10/10/2018: Reposted for the historical record.
When you’re running down our First Amendment, you’re walking on the fightin side of me:
3/29/2016 update: Press Conference on the Johnson Hall steps, Facebook event page here.
Our students have been conducting a quiet CO2 Divestment sit-in the Johnson Hall lobby for months. The administration has banned their banner from the bush outside JH, and now the students are apparently going to reassert their free-speech rights.
Do they have the right to put up the banner? I’m no lawyer, but here’s some UO history. Back in 2010, former UO GC Randy Geller wanted to change UO policy to implement “Free Speech Zones”, outside of which First Amendment rights would be tightly controlled. This was in reaction to the Pacifica Forum incidents. Geller’s policy starts on page 13 here. It’s funnier than Animal Farm.
Free speech is indispensable, but:
UO will restrict Free Speech, except inside the Free Speech Zones, and even then you’ll need insurance and maybe a reservation:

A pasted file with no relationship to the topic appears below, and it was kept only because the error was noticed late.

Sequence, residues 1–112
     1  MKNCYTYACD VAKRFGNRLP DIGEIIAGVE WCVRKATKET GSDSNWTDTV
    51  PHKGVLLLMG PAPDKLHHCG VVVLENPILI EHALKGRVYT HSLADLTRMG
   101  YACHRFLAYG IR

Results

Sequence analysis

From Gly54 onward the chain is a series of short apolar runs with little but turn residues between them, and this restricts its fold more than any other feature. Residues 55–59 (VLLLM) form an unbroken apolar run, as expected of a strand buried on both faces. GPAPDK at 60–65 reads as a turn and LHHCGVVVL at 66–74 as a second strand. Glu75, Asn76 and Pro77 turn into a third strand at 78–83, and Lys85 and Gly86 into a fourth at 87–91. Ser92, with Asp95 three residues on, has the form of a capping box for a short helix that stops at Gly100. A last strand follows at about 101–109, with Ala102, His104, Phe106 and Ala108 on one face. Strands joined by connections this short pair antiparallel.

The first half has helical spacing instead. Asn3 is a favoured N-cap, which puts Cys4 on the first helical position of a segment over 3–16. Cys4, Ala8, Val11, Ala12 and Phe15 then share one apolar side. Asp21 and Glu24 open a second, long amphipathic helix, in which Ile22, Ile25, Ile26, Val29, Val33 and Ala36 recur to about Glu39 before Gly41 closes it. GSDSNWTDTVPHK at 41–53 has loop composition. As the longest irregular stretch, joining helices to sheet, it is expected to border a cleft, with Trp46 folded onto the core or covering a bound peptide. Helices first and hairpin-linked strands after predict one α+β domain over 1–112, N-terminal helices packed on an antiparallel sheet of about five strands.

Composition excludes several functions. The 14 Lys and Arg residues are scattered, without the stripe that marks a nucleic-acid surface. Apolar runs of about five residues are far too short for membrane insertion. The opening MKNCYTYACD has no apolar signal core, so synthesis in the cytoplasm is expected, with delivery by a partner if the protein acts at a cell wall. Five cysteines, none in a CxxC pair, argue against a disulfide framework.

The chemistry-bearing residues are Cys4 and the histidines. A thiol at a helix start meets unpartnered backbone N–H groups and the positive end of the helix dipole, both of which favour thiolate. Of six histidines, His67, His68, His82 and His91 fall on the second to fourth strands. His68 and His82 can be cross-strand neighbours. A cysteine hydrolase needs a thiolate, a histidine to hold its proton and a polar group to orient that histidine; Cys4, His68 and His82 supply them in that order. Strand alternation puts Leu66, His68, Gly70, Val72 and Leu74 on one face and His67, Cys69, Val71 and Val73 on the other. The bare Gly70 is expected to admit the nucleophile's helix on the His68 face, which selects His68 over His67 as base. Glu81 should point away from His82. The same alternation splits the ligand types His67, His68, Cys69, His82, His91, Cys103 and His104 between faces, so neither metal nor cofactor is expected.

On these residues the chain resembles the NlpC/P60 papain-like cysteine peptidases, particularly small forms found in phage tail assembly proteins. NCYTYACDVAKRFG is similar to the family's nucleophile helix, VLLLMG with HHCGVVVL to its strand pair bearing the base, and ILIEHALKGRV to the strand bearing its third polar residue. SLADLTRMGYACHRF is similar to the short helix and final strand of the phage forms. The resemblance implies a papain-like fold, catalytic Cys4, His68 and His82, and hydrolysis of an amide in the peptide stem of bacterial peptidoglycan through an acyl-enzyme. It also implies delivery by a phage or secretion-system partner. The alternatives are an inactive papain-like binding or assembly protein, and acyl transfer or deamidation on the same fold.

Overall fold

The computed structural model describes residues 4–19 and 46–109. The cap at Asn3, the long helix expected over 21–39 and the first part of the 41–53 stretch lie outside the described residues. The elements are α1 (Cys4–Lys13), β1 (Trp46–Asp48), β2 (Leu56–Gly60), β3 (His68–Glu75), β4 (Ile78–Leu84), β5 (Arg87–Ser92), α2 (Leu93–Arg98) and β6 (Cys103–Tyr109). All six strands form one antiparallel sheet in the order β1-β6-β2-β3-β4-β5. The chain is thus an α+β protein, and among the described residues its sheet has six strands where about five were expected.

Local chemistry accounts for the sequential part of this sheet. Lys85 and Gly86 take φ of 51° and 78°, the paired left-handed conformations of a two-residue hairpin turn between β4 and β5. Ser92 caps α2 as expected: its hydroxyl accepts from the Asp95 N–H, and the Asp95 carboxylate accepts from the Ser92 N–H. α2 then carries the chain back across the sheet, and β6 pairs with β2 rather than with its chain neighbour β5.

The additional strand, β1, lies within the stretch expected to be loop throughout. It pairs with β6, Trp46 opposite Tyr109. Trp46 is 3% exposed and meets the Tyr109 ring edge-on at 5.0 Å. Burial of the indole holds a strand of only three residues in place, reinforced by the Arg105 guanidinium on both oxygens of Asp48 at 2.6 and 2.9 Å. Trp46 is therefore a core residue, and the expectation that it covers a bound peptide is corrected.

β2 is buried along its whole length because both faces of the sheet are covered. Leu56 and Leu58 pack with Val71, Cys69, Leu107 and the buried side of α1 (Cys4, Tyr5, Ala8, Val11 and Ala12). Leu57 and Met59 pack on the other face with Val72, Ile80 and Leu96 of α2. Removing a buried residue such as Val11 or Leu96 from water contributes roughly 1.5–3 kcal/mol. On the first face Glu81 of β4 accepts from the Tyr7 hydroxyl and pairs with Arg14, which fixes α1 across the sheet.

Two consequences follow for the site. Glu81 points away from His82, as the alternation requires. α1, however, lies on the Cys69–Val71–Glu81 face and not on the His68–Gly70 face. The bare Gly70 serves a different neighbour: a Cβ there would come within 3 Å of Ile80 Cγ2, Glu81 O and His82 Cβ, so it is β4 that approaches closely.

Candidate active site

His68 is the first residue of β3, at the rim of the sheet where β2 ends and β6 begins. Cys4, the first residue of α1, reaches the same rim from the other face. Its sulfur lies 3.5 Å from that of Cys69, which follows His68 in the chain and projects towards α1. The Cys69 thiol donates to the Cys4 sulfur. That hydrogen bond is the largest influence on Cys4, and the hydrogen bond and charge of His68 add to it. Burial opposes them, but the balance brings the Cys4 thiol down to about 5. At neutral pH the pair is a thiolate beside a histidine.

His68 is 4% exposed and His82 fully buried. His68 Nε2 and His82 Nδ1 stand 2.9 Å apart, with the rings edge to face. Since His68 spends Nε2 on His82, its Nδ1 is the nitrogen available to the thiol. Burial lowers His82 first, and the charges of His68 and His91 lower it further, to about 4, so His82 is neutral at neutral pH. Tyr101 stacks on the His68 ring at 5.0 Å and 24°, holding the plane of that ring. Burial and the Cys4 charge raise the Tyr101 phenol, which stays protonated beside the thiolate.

No unapproved banners outside free speech zones – and don’t even think about posting the video on the internets:
Oh yeah, no camping or chalk either. Chalk? What’s that about?
All of Geller’s silly language above was rejected by the UO Senate and it is not UO policy.
The Facilities Use Policy that was adopted instead is at http://policies.uoregon.edu/policy/by/1/04-facilities/facilities-scheduling. It turned Geller’s policy on its ass, by limiting the areas UO can control to buildings and “scheduled outdoor spaces” i.e. the EMU amphitheater. The Senate rejected all of Geller’s anti-free speech, anti-banner, and anti-chalk language.
The Facilities Use policy is paired with the powerful Free Speech and Inquiry policy, at http://policies.uoregon.edu/policy/by/1/01-administration-and-governance/freedom-inquiry-and-free-speech:
Free speech is central to the academic mission and is the central tenet of a free and democratic society. The University encourages and supports open, vigorous, and challenging debate across the full spectrum of human issues as they present themselves to this community. Further, as a public institution, the University will sustain a higher and more open standard for freedom of inquiry and free speech than may be expected or preferred in private settings.
How much clearer could this be? It’s not like the CO2 Divestment students are doing anything reprehensible, like using chalk.
3/13/2016: UO bans students’ fossil fuel divestment banner from a bush? Continue reading